John has been observing, identifying, and collecting butterflies for 45 years. He was a biology and art major, with a particular interest in lepidoptera and has practiced his art through a variety of mediums. He's painted murals for businesses and enjoys sign painting, but he gets the most enjoyment from working with butterflies and insects. He also can identify most trees, wildflowers, and birds, so he's like the "Cliff Claven" of the trails.
Deb is a freelance writer, paddleboard and kayak enthusiast, and former student leadership facilitator who manages the business end of Insecta Etcetera. She also critiques the frames and manages the artist!
The Manns are most at home on the trails, in the woods, and on water.
John mounts and arranges butterflies and moths, from around the world, in frames to display the stunning diversity in color and wing shape. He also mounts and frames a wide array of insects like scorpions, tarantulas, colorful beetles, leaf insects, flying dragons, geckos, grasshoppers, damsel flies, and the great Jungle Nymph!
Keep checking our lineup of 2019 Art Shows where we sell most of our insect frames; we are adding several new shows this year. We are also selling our frames at the Duluth Folk School, and plan on opening an Etsy store this year. You can also purchase John's artwork by filling out the form at the bottom of this page, or call us for a price list. We have a far greater selection than what is shown below.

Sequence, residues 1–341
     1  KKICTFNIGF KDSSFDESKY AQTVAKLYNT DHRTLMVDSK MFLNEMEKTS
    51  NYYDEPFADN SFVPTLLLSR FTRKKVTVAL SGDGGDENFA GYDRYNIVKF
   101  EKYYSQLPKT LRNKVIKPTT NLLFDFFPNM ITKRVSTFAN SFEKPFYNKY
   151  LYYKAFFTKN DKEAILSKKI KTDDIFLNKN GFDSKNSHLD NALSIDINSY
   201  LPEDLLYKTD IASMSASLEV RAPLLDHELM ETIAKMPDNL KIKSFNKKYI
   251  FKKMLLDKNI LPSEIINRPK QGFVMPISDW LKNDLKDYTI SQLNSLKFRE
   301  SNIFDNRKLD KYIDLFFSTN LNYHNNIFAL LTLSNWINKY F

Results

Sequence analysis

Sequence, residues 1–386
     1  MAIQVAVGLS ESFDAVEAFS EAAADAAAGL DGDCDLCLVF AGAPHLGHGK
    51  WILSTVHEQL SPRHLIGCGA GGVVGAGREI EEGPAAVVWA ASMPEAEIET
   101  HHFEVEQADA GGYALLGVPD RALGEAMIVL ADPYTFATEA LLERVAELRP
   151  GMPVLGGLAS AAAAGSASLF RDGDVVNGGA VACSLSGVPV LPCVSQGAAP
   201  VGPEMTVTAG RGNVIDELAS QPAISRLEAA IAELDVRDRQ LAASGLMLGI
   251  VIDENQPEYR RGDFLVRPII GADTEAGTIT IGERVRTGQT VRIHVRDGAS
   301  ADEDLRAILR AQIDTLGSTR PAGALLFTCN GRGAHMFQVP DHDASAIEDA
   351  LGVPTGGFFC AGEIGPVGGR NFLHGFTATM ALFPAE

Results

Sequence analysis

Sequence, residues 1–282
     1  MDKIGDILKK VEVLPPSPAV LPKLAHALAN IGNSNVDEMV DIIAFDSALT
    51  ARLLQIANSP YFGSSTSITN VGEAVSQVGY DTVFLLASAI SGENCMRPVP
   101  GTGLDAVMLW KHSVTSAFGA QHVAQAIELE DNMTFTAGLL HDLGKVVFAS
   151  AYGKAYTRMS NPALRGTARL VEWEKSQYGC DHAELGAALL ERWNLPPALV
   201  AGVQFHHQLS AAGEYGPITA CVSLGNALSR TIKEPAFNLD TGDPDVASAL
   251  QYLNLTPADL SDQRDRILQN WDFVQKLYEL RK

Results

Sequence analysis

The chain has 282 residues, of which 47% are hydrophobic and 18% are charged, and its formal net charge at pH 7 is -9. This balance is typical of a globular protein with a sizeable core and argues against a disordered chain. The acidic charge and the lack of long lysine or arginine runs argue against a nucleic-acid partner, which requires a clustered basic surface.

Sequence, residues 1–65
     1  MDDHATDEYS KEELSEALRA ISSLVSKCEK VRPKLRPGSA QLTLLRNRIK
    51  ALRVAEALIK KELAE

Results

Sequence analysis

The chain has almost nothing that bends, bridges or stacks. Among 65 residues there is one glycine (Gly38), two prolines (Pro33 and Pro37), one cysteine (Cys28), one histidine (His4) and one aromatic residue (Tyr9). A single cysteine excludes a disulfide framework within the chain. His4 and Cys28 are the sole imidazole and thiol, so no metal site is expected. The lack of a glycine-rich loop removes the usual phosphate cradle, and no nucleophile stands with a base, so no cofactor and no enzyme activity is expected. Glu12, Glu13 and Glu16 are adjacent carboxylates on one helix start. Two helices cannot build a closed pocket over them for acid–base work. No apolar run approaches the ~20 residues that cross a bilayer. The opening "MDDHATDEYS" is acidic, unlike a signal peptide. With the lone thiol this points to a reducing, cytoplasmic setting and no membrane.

John is happy to talk to you about habitat preservation and answer your lepidoptera questions. He's part artist, part lepidopterist, part science teacher!
All of our butterflies, moths, and insects are either extremely common in their native habitat, or they are farm-raised for release and export. We buy them from the same types of sustainable sources where butterfly conservatories purchase their butterflies.
Butterfly farms and aviaries in third-world countries provide a sustainable business for local families. This income encourages people to support insect populations and protect their natural habitat, instead of promoting deforestation and the destruction of habitat. Protected habitat allows wild butterflies and insects to flourish.
No matter where you live, you can encourage butterflies to visit your home! Organic container gardens, wildflower or cultivated beds filled with cosmos, alyssum, aster, fennel, lavendar, verbena, zinnia, purple coneflower, marigolds, and oregano will draw them in.
If you have lawn space, plant milkweed, thistle, hollyhocks, lupine, and grasses, which will attract butterfly larvae.
The best and easiest thing you can do to support butterflies on a larger scale is to stop mowing a portion of your manicured lawn. Let the wild grasses and flowers replace turfgrass. You'll be providing a living laboratory for your children and grandchildren and habitat for insects and butterflies!
Connect with the natural world at Insecta Etcetera in Duluth, bringing vibrant colors into your home, and learn more about the butterflies, moths, and insects that inhabit our lands around the world.
Each of our shadowbox frames includes the genus, species, common name, and natural habitat location of the butterfly, moth, or insect that you purchase.